Arcadius's Reviews > Troubles

Troubles by J.G. Farrell
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Oct 11, 2011

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Read in August, 2011


As a big fan of the two later books in JG Farrell's Empire trilogy, I began this one with enthusiasm and very high expectations. And for the first 100 pages or so, all went well. There was the same long, slow build-up and growing sense of foreboding, and I thought we were on familiar territory. Unfortunately, at the same time as the shit really starts hitting the fan, the novel goes flat. The only real linkage between the crumbling of British rule in Ireland and the crumbling of the Majestic Hotel is metaphorical. External events fail to drive either the narrative or character development, and we are stuck with people whose response to the gathering crisis in Ireland is largely confined to tut-tutting over their newspapers.

If the characters could make their own weather, this wouldn't matter too much, but this lot are too passive to make anything happen by themselves. And I think the essential problem is Major Archer, the key character through whose eyes we view the entire action (such as it is). A parody of wishy-washy, vaguely well-meaning, utterly ineffectual English liberalism, the Major only turns up in Ireland in the first place to find out whether he has got himself engaged to the daughter of the house. He doesn't know. And even if he did get engaged, it was only because he felt he needed some sort of reason to survive the Great War. No other motive seems to have occured to him.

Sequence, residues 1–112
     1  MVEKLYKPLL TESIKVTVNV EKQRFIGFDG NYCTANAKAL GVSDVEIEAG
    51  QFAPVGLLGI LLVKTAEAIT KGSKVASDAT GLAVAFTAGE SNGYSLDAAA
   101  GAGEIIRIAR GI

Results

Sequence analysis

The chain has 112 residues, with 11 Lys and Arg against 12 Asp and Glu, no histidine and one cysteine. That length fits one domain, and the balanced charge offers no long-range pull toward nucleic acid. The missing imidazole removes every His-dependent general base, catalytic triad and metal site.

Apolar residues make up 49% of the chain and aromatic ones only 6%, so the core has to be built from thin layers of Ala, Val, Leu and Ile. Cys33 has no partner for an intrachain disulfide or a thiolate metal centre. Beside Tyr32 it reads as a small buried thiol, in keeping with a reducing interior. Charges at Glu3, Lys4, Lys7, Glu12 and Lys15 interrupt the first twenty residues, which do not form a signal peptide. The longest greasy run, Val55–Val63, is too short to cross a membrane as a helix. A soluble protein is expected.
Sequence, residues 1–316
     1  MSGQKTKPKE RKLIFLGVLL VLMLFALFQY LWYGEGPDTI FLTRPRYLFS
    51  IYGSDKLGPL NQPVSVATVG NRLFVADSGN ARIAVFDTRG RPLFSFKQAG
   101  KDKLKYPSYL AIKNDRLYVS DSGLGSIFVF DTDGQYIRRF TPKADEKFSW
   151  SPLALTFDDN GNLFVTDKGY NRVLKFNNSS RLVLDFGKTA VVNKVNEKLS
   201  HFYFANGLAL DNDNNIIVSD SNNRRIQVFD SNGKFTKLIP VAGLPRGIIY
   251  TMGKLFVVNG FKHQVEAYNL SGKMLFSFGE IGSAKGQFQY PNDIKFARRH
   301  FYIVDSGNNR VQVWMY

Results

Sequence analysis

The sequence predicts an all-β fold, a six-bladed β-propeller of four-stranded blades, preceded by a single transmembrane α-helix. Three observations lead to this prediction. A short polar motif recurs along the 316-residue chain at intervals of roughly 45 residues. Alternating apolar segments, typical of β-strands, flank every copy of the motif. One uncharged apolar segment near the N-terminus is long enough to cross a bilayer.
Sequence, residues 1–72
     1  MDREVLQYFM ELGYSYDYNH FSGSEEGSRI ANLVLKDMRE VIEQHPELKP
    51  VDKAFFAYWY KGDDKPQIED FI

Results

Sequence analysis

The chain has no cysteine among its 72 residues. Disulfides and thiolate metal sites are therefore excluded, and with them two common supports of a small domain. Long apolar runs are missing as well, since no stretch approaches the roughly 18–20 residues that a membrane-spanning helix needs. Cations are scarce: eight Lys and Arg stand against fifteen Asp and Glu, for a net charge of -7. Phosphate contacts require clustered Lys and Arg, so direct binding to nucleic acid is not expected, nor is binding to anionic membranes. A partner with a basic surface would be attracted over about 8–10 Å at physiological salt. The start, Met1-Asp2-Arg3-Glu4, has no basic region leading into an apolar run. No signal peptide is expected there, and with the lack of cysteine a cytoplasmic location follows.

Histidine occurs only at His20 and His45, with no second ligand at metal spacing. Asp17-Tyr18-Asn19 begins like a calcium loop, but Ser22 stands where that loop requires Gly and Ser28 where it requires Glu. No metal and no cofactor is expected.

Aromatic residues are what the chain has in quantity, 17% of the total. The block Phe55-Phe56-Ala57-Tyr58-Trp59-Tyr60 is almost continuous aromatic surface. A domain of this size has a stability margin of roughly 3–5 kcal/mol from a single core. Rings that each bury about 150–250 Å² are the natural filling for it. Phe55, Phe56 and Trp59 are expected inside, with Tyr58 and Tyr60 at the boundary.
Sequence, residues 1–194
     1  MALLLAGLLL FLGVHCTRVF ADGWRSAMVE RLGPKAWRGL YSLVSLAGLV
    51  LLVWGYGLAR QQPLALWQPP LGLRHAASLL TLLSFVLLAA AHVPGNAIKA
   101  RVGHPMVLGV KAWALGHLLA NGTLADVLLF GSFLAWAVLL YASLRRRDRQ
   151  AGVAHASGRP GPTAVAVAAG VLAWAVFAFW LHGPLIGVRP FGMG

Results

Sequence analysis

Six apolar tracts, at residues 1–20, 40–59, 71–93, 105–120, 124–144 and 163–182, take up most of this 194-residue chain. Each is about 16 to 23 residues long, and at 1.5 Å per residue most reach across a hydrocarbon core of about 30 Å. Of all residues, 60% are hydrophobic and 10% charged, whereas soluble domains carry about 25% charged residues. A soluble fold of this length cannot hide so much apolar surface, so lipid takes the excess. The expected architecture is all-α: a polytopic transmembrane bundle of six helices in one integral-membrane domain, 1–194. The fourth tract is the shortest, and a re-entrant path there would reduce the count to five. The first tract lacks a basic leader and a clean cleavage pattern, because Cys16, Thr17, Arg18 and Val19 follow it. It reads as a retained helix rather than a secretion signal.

The death of his uncertain fiancee relieves the Major of his quandary, and also of any plausible reason for remaining in Ireland. He is held back by his tepid attraction to a local Catholic girl, whom he unsuccessfully pursues with characteristic lack of conviction. Meanwhile, he frets uselessly about the ever-worsening political situation, wishing vaguely that everybody could be... well, you know, a bit more reasonable. Eventually (and unaccountably), he feels obligated to take over the running of the hotel in its final decline as the mental state of its owner Edward (father of the defunct fiancee) deteriorates. And at least to the little old ladies who are the last inhabitants of the place, he seems a tower of strength.

Presumably the Major is meant to symbolise a British ruling class which has had the moral stuffing knocked out of it by WW1, and which can no longer muster the ruthlessness and drive to hold onto its empire. That's fine, except that Farrell lands himself with a central character who is far too anaemic to carry a novel of this length. It's a pity there wasn't more focus on Edward, who is not only a much stronger and more vibrant character in his own right, but who - as a fully paid-up member of the Anglo-Irish ascendancy - has good reason to be where he is and a strong vested interest in the outcome of the external crisis. The Major is really just a detached outside observer - a glorified tourist with too much time on his hands.

Troubles is not devoid of merit, and I'm not going to dismiss it with 2 stars just because my sky-high expectations were disappointed. Farrell writes superbly, and some of the set pieces at which he excels (the Majestic's last ball, for example) are magnificent. Some of the subordinate characters (the twins, the love-interest Sarah, one or two of the old biddies) are entertaining and well drawn, and I wish we could have had more of them. Having slowed to a crawl in the overlong central section, the pace does pick up in the final 100 pages, and in the end I felt that there were enough good things in the novel for it to pass muster. Even so, imho 'Troubles' is not a patch on either 'The Siege of Krishnapur' or 'The Singapore Grip', and I suspect Farrell was still feeling his way towards a formula he was later to bring off with much greater aplomb. How sad that he died so soon after hitting his stride.
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